George Galloway threatens to sue Twitter for flagging account as Kremlin-linked
Former MP says he will sue Twitter in next seven days for defamation unless it rescinds the label
George Galloway has threatened to sue Twitter after the social network labelled his account “Russian state-affiliated media”.
The former MP, whose radio programme The Mother of All Talk Shows was broadcast on the Russian state-owned Sputnik service as recently as last week, says he will sue Twitter in the next seven days for defamation unless it rescinds the label.
“I work for NO Russian media. I have 400,000 followers. I’m the leader of a British political party and spent nearly 30 years in the British parliament,” Galloway tweeted on Thursday.
On Saturday Galloway’s lawyers filed notice in Ireland, warning Twitter that legal action would commence. “Twitter have badly miscalculated here in assigning this dreadfully harmful designation to Mr Galloway’s account,” said the solicitor Kevin Winters, of KRW Law. “Whatever strategic political or other reasons were in play in making this decision has only served to galvanise his fight to protect his good name and reputation.
“His reasonable request to remove this offensive and damaging designation was ignored by Twitter. That’s simply unacceptable and inexcusable. Everyone knows George has robust political views and isn’t shy about expressing them but that doesn’t entitle Twitter or anyone else to demonise him in this way.”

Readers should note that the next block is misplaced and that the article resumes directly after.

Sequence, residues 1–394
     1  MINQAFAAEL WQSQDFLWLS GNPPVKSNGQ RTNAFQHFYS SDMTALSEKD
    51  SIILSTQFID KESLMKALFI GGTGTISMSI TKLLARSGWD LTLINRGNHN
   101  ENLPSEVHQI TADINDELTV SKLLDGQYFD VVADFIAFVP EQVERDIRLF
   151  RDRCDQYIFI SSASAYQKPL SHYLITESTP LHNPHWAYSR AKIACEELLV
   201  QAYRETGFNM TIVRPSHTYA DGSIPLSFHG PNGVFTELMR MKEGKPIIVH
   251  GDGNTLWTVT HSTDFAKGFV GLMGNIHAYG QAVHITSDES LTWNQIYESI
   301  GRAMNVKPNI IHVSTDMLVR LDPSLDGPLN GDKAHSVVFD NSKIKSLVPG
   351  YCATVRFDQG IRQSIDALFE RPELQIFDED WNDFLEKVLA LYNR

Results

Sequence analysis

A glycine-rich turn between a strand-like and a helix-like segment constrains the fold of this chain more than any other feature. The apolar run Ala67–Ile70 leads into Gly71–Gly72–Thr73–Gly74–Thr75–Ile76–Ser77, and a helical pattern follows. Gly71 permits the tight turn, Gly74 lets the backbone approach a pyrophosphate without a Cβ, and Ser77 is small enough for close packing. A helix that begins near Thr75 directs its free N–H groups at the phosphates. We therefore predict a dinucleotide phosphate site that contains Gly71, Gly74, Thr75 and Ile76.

The notice argues that Galloway is “well-renowned for his independence of thought and opinion” and that “he has never accepted or been subject to any control, editing, interference or other restrictions upon his right to freedom of expression, to hold opinions and to receive and impart information and ideas.”
Twitter began labelling state-affiliated media in 2020, focusing initially on members of the UN security council – widely seen as an excuse to focus initially on Russian and Chinese state media. The policy immediately fell into controversy after the social network refused to label Voice of America, NPR or the BBC as such, arguing they were instead “state-financed media organisations with editorial independence”.
Since the invasion of Ukraine, however, Twitter has started to apply the label to individuals associated with state media organisations. In February, Rachel Blevins, the host of a show on RT’s American channel, complained about receiving the tag, arguing that “I am an individual journalist who does not speak for Russia or Russian media”.